ment to inpatient to ICU to post-acute and community management; Protect and Support Frontline Teams. Efficiently share emerging needs by text, call or email for rapid, coordinated response, while providing leaders with ongoing, live updates on critical information including access to the latest resources and contact information of key personnel Communicate Effectively and Quickly. Replace multiple, fragmented emails and calls with rapid crisis communication that makes visible key information to the appropriate stakeholders as a ‘single source of truth’; Drive Key Decision Making With Data. Support system-, division-, hospital-, service line- and community-level updates and town halls, as well as rounds and huddles, to provide meaningful updates, and support datadriven decision-making; Issue Escalation. Escalate issues to experts or leaders by tagging and adding them to a given issue; and Organizational Status and Resource Allocation. Enables informed management and prioritization of resources across hospitals, regions, or business units at a glance. Demonstration of the LENS Incident Command Center Board here “Many hospital and community incident command centers are compiling this information manually. Related problems from fragmented communication and email overload are making it even more difficult to manage this terrible pandemic. Our solution automates the incident process while making it easy to engage and capture the voice of key stakeholders in real-time, improving our responsiveness to their critical needs in managing this crisis,” said Dr. Allan Frankel, a Managing Director at Safe & Reliable Healthcare. Tom Grace, Ph.D, RN, former Vice President of Emergency Management for the Hospital Association of Pennsylvania, offered a professional review, commenting, “the LENS Incident Command Center is breaking new ground in emergency management. It is the most intuitive visual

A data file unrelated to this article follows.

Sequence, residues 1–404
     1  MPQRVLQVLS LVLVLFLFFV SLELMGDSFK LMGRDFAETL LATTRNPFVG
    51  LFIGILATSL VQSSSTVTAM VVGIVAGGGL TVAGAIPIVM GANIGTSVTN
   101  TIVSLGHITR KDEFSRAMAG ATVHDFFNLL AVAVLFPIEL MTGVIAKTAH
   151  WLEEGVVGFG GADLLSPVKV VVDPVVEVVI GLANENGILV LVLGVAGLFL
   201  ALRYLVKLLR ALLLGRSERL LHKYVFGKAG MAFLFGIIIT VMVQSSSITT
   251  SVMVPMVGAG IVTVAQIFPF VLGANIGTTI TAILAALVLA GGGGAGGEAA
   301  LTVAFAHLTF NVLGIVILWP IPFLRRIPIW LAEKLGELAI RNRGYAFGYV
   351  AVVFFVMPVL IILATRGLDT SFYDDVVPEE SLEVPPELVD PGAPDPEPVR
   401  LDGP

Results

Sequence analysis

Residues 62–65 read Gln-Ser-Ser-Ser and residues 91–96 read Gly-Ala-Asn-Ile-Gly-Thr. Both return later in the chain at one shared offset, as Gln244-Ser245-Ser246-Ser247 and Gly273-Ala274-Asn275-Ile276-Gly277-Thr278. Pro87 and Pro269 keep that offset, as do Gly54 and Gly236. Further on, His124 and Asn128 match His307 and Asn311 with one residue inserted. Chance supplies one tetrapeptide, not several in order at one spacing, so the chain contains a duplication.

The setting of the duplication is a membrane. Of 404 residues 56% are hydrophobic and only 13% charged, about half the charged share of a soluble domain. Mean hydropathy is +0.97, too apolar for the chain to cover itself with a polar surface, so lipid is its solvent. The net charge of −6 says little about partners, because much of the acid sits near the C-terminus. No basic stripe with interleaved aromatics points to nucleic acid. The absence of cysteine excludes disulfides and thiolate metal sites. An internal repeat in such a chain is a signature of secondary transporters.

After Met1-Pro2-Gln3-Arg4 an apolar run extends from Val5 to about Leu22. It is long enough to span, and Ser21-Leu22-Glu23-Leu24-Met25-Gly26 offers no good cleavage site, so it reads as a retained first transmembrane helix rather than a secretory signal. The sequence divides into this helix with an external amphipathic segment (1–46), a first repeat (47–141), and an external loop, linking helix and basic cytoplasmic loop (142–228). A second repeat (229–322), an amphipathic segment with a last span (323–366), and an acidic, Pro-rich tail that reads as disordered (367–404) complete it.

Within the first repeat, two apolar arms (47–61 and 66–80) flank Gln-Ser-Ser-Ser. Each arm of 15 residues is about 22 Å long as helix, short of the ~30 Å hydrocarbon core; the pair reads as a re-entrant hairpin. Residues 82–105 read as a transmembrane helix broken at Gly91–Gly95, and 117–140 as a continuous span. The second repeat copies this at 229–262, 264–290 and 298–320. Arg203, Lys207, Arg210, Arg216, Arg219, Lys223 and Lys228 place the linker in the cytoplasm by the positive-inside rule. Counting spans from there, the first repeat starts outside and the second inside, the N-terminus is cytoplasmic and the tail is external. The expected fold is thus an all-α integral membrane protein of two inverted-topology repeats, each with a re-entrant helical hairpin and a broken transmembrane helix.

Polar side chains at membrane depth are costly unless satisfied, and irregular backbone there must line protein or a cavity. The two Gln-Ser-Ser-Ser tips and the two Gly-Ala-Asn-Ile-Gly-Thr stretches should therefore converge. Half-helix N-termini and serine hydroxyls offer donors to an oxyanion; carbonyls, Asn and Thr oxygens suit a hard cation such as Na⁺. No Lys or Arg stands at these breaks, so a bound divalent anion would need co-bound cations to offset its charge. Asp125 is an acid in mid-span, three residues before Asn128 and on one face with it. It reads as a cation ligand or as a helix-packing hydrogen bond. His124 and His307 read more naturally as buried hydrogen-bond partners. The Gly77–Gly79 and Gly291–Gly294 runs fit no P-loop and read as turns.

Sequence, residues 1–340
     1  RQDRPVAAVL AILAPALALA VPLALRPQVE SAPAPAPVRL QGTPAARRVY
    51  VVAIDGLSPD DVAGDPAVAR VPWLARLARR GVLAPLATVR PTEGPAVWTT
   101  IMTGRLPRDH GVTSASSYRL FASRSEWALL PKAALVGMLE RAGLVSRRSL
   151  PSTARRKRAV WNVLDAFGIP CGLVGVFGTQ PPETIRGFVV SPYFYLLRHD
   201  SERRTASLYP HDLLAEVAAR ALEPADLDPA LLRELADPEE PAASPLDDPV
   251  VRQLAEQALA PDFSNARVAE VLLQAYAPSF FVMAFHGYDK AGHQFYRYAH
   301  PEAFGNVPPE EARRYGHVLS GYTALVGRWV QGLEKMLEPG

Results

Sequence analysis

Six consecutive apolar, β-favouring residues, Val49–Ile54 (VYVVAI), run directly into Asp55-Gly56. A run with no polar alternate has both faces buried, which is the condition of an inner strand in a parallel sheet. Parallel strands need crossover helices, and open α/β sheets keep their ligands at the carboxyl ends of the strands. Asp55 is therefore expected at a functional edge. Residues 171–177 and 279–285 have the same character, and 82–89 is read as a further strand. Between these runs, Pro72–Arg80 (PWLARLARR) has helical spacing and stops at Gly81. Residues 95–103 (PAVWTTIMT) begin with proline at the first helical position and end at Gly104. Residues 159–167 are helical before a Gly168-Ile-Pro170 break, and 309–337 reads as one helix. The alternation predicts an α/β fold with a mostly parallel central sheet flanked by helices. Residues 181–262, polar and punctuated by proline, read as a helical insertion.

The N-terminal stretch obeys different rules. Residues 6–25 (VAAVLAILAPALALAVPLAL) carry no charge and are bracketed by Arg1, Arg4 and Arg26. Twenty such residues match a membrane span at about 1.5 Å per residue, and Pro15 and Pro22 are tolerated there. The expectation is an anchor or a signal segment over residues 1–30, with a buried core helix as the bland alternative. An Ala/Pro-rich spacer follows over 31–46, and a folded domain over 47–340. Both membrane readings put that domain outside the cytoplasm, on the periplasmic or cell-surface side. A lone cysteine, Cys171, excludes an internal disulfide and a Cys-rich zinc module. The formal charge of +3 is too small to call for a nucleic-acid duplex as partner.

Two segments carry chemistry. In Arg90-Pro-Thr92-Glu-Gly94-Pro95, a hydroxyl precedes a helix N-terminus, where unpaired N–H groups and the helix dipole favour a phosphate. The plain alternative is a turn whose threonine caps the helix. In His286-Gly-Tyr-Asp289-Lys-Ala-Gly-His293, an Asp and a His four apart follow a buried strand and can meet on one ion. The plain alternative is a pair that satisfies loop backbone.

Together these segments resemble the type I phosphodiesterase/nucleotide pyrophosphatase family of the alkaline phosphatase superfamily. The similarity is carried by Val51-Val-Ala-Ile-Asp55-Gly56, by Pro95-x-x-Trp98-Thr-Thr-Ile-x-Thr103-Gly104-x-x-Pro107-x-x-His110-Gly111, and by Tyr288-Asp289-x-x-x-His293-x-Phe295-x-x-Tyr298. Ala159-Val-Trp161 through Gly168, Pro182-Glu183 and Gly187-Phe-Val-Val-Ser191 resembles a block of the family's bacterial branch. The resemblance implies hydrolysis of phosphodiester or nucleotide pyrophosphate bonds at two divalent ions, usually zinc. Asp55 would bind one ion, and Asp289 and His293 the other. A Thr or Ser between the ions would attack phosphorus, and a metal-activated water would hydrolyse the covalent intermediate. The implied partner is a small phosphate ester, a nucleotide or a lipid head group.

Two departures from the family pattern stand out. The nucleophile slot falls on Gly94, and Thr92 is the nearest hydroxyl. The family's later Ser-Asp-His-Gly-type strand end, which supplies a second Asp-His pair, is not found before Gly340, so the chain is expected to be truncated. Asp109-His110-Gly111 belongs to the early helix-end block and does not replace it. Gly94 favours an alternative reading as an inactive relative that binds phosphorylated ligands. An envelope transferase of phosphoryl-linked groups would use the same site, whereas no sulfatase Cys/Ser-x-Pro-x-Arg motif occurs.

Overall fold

display to support incident management, giving organizations immediate visualization of key data and information to manage the incident from the emergency department, through inpatient and critical care and to post-acute and community management. It enables communication and coordination with all key stakeholders.” The core LENS technology is in use across several hundred organizations and is healthcare’s first and only real-time high reliability board that helps leaders and managers visibly “close the loop” on ideas, concerns and risks shared by frontline teams, supporting leadership rounds, huddles, improvement work and incident command. LENS is based on a proven framework for culture change and high reliability transformation that Safe & Reliable Healthcare co-developed and published with the Institute of Healthcare Improvement [IHI] based on more than two decades of fieldwork across thousands of hospitals and clinics. The LENS Incident Command Center is being made available to hospitals, clinics and essential provider organizations without any software or subscription fees during this pandemic, as part of Safe & Reliable Healthcare’s ongoing mission to protect both patients and caregiver teams from harm and safety issues. LENS is the field’s first and only scalable real-time digital solution for high reliability transformation, supporting service line-, hospital- and system-level huddles, walkrounds and continuous improvement for both unit-level initiatives, and uniform execution of organizational strategy. Safe and Reliable Healthcare [“S&R”] is a recognized pioneer in the field of patient safety and high reliability transformation. Having surveyed culture and burnout across more than 1300 organizations and designed and led transformation efforts for dozens of systems including Mayo Clinic, Kaiser Permanente, Advent Health, the NHS, the Military Health System and Veterans Heath Affairs, the firm has spearheaded lasting and measurable improvements in culture, safety, operations, and experience - the healthcare Quadruple Aim.